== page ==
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Police Assault & Battery

Police Assault / Battery Lawyer in New York

Committed To Helping Residents of New York, New Jersey, Pennsylvania, and Florida

Police assault and battery in New York is a serious problem. Although law enforcement officers have broad latitude to carry out their duties, they must avoid putting someone else at risk of unreasonable harm. If you are a victim of excessive force in the form of assault and battery, you may be entitled to sue the police and the city for compensation for your injuries. At Phillips & Associates, our civil rights lawyers pursue justice for New York City victims of police misconduct, including assault and battery.

Police Assault and Battery

Police assault and battery is one of the most common types of excessive force or police brutality. Actions such as punching, kicking, beating, choking, or throwing a victim can be classified as assault and battery. Sometimes the victim is restrained in handcuffs or held down by officers, and so he or she cannot move to lessen the impact of blows or kicks. Both a law enforcement officer and his or her employer, the city, can be held liable for the injuries and damages that arise out of an assault and battery.

If you are bringing a claim for police assault and battery against the city, your attorney will need to serve a notice of claim on the city under the General Municipal Law §50-e(2) within 90 days after the assault and battery. The exception is for wrongful death cases, in which situation the 90-day period runs from the date a representative of the decedent's estate is appointed.

The notice of claim should state the nature of the claim, when and where and how the claim arose, and any injuries suffered or items of damages. Generally, your attorney will need to make all your claims within the notice of claim. Any causes of action against the police officer or city that are not listed in the notice may be summarily dismissed.

In assault cases, a defendant police officer may argue that the amount of force used was necessary or may claim that you initiated a violent confrontation. However, police officers can use only as much force as a reasonable police officer would use under the same circumstances.

Injuries from assault and battery may include not only physical injuries but also emotional injuries, such as severe depression, PTSD, or insomnia. You may be able to recover compensation for these injuries, as well as lost wages, medical bills, lost wages, permanent disability, and pain and suffering.

Seek Legal Representation in New York City for a Claim of Police Misconduct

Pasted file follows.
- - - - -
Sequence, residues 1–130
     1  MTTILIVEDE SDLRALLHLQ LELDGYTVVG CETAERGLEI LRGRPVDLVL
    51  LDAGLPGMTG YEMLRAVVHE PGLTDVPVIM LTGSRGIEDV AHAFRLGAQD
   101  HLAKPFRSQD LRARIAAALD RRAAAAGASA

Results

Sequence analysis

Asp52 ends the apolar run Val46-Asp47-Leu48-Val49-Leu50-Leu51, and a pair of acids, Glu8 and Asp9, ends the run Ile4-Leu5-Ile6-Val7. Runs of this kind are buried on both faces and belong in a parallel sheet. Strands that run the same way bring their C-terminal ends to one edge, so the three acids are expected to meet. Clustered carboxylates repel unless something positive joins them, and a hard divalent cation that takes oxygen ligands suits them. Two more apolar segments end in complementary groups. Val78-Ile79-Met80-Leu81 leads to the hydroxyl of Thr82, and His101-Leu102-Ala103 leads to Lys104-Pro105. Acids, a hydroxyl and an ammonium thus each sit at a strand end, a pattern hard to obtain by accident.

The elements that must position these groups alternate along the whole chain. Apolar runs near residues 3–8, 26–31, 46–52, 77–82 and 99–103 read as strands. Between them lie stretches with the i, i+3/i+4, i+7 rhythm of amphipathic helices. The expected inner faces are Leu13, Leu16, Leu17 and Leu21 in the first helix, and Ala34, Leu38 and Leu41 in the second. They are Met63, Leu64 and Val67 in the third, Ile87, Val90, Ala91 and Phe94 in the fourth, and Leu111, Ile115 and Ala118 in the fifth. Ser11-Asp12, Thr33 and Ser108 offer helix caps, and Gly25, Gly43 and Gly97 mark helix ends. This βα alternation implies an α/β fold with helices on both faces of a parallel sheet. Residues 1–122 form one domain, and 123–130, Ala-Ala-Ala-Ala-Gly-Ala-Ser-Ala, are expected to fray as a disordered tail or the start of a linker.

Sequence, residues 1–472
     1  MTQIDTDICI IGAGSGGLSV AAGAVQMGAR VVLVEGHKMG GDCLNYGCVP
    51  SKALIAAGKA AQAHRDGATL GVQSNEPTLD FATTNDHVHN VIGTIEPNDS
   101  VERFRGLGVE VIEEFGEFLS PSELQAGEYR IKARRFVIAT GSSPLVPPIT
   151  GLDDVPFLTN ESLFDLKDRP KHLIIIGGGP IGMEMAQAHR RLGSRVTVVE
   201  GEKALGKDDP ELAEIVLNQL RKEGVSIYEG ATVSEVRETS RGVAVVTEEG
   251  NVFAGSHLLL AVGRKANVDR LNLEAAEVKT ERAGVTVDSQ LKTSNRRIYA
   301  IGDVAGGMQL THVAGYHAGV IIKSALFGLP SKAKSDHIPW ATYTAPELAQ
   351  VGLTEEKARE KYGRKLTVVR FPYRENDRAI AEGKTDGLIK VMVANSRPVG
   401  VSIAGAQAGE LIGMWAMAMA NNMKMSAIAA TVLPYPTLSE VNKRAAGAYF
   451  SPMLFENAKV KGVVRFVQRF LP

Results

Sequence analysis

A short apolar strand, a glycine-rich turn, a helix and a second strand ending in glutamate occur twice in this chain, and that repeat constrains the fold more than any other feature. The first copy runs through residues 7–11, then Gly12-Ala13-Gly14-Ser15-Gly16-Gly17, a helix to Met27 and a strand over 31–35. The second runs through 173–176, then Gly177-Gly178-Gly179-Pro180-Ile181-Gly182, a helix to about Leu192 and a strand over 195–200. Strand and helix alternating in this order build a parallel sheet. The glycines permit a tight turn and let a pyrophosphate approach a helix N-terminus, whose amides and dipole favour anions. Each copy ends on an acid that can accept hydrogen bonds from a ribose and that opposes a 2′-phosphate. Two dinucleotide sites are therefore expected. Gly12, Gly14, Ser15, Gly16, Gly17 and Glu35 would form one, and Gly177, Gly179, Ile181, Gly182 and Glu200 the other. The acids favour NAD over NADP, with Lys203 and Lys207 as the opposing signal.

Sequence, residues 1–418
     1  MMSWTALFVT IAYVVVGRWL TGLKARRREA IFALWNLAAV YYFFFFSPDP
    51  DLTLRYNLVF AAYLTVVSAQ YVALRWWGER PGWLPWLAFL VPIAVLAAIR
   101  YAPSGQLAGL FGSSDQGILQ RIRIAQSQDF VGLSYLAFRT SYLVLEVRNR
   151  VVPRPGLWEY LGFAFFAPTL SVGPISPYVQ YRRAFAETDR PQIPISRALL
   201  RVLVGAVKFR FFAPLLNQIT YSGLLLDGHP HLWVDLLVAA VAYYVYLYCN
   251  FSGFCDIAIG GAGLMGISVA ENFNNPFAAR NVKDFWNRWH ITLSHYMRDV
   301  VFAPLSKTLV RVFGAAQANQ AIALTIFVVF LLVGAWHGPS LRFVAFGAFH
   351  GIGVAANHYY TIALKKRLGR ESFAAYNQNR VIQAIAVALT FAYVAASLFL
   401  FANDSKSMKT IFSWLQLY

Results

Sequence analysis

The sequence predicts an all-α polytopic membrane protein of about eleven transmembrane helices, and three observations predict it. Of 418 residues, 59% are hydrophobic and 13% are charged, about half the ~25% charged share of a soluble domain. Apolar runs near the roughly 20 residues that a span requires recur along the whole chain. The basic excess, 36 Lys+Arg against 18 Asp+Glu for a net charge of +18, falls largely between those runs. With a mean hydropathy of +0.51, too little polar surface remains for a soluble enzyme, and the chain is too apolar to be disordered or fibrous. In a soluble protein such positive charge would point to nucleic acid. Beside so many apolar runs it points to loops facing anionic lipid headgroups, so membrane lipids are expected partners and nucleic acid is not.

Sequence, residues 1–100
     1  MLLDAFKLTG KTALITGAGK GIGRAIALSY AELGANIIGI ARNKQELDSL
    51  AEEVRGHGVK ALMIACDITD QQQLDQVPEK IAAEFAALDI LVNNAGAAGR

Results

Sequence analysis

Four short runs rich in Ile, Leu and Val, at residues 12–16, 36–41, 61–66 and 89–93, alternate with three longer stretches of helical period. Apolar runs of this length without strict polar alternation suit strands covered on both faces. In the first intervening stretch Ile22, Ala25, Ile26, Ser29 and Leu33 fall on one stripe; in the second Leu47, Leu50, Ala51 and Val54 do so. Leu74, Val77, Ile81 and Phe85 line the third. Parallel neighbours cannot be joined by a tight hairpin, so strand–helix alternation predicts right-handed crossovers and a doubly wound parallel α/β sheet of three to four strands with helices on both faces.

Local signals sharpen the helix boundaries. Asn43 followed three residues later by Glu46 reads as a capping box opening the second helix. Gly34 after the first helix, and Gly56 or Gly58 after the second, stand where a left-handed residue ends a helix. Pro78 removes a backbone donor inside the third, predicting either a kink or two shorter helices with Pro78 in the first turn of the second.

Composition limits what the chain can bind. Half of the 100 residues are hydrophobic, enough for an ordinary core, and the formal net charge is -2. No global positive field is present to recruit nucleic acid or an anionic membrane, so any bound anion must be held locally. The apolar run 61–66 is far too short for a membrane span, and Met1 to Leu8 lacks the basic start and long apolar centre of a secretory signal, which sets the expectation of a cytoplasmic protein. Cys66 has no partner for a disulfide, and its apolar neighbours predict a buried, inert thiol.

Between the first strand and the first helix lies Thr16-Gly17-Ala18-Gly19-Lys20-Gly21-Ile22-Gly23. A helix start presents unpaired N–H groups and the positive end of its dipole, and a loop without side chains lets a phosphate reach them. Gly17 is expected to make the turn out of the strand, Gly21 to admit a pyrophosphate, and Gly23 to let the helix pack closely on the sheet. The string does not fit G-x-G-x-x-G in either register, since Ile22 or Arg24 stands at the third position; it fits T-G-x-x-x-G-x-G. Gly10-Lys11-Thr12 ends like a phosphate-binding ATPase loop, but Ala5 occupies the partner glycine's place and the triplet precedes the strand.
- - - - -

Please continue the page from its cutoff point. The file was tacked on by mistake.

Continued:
Police assault and battery can result in severe injuries or a wrongful death. Sometimes the city and other law enforcement officers protect the individual responsible or trump up charges in order to avoid accountability. It is important to act quickly and consult a knowledgeable civil rights attorney after police misconduct in New York City. As noted above, there is a limited window of time within which to give notice that you have a claim against a police officer and the city, and thereafter there are multiple strict deadlines. At Phillips & Associates, we offer experienced representation for those whose rights have been infringed in all five boroughs of New York City, including Brooklyn, Queens, and Manhattan. Call us at (866) 229-9441 or arrange an appointment through our online form

Discrimination Lawyer Success

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    Jesse S. Weinstein and Gregory W. Kirschenbaum successfully obtained a $1,800,000 unanimous jury verdict in the Southern District of New York on behalf of Plaintiff, John Pardovani. The verdict consisted of $800,000 in compensatory damages and $1,000,000 in punitive damages.

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    In a race discrimination case, a federal jury in New York found that use of the N-word in the workplace is never acceptable, even when used between black coworkers.

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    Greg Kirschenbaum was part of the trial team that won a $2.2 million verdict in a race discrimination and retaliation case in 2015. Rosas v. Balter Sales, et al.

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    Bryan Arce was part of the trial team that won a $1.4 million-dollar verdict in a religious and sexual orientation discrimination case brought by a Chef, which was the highest employment law verdict in 2012.